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Poaching eggs!

(28 Posts)
wotanuisanceABC123 Mon 02-Nov-15 14:44:36

I'm probably a bit daft, but I had this metal poacher that can hang on a saucepan. It almost rusted away, so I bought another one. I used to completely submerge the eggs in boiling water, but now I'm wondering if one is only supposed to sit the thing in shallow water. My mum used to do it with no kitchen aids but I couldn't manage that. Any advice welcome!

ninathenana Mon 02-Nov-15 14:48:41

I though the 'tray' with the dips to crack the eggs into (think this is what you mean) was supposed to sit proud of the water.

Velogranny Mon 02-Nov-15 14:48:42

Wot, I use those individual silicone poaching pods like these:

I float them in a deep frypan and the eggs take 5 minutes. You have to grease the pods before putting the eggs in, but I've not had any trouble getting them out. Dishwasher friendly too and cheap to buy. HTH :-)

rosesarered Mon 02-Nov-15 14:56:49

I simply use a poaching pan, it takes up to four eggs, the cups are non stick, the pan has a vented lid, simples!

wotanuisanceABC123 Mon 02-Nov-15 15:17:58

Once again I've wasted my money! I have got a poaching pan but never tried it! I also bought silicone pods but they fell over and took agess to cook I spose tbhe principle of the poaching pan is that the eggs aren't submerged in water. I do love poached eggs on toast.!

jollyg Mon 02-Nov-15 15:38:56

Its a doddle.

I use a small rounded bottom pan.

Salt and a drop of vinegar into the water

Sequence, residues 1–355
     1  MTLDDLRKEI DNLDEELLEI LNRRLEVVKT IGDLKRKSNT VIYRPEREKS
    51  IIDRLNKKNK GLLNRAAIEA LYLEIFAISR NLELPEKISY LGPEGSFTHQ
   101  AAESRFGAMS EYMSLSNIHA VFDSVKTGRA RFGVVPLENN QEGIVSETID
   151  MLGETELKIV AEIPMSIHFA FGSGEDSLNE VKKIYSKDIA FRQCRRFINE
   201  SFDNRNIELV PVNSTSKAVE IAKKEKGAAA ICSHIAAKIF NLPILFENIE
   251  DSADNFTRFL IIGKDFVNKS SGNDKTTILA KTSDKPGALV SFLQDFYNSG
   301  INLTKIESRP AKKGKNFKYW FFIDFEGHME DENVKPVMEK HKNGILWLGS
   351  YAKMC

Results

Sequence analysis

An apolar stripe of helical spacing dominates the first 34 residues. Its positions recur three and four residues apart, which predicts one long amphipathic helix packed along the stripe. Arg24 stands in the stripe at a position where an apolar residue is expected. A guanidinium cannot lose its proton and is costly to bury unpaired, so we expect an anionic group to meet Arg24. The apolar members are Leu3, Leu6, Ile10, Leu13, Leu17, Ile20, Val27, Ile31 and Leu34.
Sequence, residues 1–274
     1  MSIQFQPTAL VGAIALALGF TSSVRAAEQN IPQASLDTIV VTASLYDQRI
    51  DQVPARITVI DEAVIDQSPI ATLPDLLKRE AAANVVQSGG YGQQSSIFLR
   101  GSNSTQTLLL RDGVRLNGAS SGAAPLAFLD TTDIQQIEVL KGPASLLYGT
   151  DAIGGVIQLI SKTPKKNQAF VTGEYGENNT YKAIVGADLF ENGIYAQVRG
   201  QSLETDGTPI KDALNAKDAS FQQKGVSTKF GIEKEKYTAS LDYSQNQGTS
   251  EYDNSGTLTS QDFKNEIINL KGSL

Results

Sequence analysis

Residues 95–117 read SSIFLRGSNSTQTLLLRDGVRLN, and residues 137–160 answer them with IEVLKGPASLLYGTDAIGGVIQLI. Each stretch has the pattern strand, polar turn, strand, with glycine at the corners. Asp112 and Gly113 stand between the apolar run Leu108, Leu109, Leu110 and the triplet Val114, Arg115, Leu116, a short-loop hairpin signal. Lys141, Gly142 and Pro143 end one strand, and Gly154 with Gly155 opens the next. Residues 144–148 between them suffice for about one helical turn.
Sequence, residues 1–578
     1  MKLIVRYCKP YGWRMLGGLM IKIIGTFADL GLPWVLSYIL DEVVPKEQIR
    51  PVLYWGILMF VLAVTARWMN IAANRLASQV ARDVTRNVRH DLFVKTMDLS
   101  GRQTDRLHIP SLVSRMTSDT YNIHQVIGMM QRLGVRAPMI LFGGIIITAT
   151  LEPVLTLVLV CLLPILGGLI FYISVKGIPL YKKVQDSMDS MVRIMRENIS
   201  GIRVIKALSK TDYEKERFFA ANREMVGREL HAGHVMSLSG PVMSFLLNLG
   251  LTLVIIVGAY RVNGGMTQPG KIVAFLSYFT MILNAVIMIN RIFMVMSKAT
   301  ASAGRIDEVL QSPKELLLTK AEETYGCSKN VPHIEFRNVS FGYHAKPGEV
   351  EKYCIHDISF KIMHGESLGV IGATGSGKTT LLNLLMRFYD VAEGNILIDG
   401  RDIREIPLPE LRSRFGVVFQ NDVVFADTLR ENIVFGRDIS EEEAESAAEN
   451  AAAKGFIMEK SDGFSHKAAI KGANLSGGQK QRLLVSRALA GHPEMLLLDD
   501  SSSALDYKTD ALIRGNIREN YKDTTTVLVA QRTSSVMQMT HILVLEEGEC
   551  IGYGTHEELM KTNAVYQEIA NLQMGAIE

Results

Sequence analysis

Eggs must be fresh

When the water boils stirr with a fork then drop the egg from a teacup or similar into the vortex, use fork to gather up the whites.

Drop temp and let it all set.

Drain with a slotted spoon.

Enjoy with buttered toast

Who needs all the nonsense of dishes pods etc.

2 Posts today for me... Is that a record?

I suppse it better than none.

tanith Mon 02-Nov-15 15:46:22

I do mine in a shallow frying pan, boiling water with vinegar in, must be fresh eggs. Drop them in one at a time I turn the heat right down and just let them set, use a slotted spoon and kitchen roll to make sure they are fairly dry and plonk on hot buttered toast I can't just eat one grin

Stansgran Mon 02-Nov-15 17:20:17

I do the same as you Tanith but no vinegar and I use a mini wok.

lefthanded Mon 02-Nov-15 18:02:01

We're still using a poaching pan that we were given as a wedding present - in 1975! Unfortunately the cups are not non-stick but a small amount of butter in the bottom of each is enough to ensure that the eggs release easily.

apricot Mon 02-Nov-15 18:10:19

You know how useless or very rich women were said to be unable to boil an egg? Well I've never poached an egg in my life. I'm no good at eggs because I only eat them rock hard. When a grandchild asks for a boiled egg I have to scramble it instead because you can't see when a boiled egg is done.

Greyduster Mon 02-Nov-15 18:27:18

I had a poaching pan for years and then lost it! (Don't ask - we were always moving!). After that, I simply poached them as above - boiling water, vortex, fresh eggs, vinegar optional! Don't have many failures.

Greyduster Mon 02-Nov-15 18:28:43

P.s. I got some disposable poaching pockets from Aldi. Absolute waste of time and effort - takes twice as long as the above mentioned method.